Back in town, I stop at the Kulm Country Club, recently renovated with the help of architect Norman Foster. Now a high-end bar and restaurant, this was once the Olympic Ice Pavilion—both figure skaters and hockey players once competed for glory on an outdoor rink here, while spectators watched from this building. The sunny space is decorated with a series of ancient, dangerous-looking sleds, both bobsleighs and cresta sleds, a daring head-first ice-track sport related to the (now) better-known skeleton.
Spending the rest of the day wandering the winding streets, I stumble upon the Engadiner Museum, a place dedicated to preserving the culture of the region in a curious way—by showcasing its living rooms. A long, and long-isolated valley in the far reaches of southeast Switzerland, the Engadine is guarded by massive peaks and bordered by Italy—Lake Como is a day-trip destination from St. Moritz. Here, Romansh is still spoken, a Latin language that traces its roots all the way back to the Roman empire.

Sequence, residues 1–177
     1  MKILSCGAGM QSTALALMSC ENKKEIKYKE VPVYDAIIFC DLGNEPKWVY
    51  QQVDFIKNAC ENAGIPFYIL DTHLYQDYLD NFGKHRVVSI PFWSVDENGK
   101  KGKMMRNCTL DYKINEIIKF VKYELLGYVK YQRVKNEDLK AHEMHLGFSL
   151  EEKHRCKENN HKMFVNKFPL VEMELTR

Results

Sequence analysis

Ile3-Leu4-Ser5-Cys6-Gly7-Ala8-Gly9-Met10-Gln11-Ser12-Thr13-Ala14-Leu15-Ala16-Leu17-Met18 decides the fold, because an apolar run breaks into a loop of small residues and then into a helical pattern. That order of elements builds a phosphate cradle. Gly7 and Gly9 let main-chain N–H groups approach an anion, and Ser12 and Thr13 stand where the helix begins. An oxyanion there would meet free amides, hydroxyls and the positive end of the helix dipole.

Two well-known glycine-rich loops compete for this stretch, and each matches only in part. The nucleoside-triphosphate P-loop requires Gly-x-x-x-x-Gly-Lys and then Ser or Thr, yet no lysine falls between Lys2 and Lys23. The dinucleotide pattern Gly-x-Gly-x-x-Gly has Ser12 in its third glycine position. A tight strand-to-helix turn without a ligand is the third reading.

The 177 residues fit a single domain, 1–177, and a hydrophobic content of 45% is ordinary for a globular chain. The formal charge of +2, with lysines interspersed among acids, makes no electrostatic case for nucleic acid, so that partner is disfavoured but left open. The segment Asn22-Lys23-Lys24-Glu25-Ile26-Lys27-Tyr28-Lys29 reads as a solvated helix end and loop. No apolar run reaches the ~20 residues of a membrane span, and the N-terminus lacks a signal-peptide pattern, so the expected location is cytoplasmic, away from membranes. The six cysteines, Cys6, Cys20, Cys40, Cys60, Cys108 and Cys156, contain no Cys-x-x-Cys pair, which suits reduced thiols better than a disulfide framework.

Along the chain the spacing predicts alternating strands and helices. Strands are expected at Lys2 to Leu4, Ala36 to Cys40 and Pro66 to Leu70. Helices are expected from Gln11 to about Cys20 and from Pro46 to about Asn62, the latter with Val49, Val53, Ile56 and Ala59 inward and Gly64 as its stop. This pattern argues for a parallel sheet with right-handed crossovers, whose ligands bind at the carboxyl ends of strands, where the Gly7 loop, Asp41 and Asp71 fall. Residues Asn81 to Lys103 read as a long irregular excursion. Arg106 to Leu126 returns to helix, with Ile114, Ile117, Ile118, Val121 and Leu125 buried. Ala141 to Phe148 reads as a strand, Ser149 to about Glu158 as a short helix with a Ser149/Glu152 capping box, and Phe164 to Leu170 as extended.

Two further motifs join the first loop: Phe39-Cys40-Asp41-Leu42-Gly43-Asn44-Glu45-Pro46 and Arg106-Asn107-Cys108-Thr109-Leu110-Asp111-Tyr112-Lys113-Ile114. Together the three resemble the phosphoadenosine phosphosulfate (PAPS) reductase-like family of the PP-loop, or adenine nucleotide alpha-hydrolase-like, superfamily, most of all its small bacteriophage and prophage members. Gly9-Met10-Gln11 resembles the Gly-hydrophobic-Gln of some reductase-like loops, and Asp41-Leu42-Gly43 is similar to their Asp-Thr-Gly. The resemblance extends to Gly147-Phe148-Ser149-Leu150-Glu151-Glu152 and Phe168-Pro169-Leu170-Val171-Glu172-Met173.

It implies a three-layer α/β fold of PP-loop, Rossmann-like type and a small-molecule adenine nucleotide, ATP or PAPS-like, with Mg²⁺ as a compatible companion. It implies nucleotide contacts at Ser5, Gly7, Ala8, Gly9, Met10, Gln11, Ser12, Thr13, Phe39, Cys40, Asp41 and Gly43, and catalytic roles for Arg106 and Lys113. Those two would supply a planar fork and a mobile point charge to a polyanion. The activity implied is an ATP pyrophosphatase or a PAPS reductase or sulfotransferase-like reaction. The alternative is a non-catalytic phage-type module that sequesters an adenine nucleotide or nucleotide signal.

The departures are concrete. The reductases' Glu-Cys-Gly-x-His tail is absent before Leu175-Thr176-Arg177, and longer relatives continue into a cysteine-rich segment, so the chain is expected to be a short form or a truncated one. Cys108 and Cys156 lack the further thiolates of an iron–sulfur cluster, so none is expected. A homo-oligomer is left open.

Walking through the museum, I encounter a number of “stuva,” which, according to the iPad I’m given on entry, was always the “warmest, coziest room in any Engadine house,” where family and friends would gather around the stove to visit, and work, and pass the time.
From a variety of eras, all are covered in handsome wood, some are plainer, while those of people with means feature intricate carvings. One room is dedicated to Romansh, with walls painted with words and phrases in the language. A century ago, when local people recognized the language could fade away, they fought to preserve it, achieving official-language status in 1938. It’s still taught in Swiss schools.
Tired, and ready to return to my sunny balcony, I make one last stop—at the Devil’s Place, home to the world’s largest whisky collection. Sitting inside a small hotel at the far end of Lake Moritz, I meet Claudio Bernasconi, the owner, who offers me a dram from one of his own personal casks—he has some 150, all over Scotland.